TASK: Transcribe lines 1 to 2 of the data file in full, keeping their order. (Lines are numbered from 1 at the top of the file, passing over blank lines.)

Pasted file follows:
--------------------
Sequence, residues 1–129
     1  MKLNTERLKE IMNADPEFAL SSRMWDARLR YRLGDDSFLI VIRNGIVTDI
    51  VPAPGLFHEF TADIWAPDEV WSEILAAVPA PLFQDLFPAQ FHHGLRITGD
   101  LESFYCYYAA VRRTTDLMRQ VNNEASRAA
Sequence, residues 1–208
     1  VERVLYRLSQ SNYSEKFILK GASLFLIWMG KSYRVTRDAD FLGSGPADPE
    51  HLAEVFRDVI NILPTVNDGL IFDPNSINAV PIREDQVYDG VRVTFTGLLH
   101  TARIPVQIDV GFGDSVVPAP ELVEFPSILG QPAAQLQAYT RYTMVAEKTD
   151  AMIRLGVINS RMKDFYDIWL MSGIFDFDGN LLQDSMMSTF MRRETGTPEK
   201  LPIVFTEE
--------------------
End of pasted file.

Sequence, residues 1–129
     1  MKLNTERLKE IMNADPEFAL SSRMWDARLR YRLGDDSFLI VIRNGIVTDI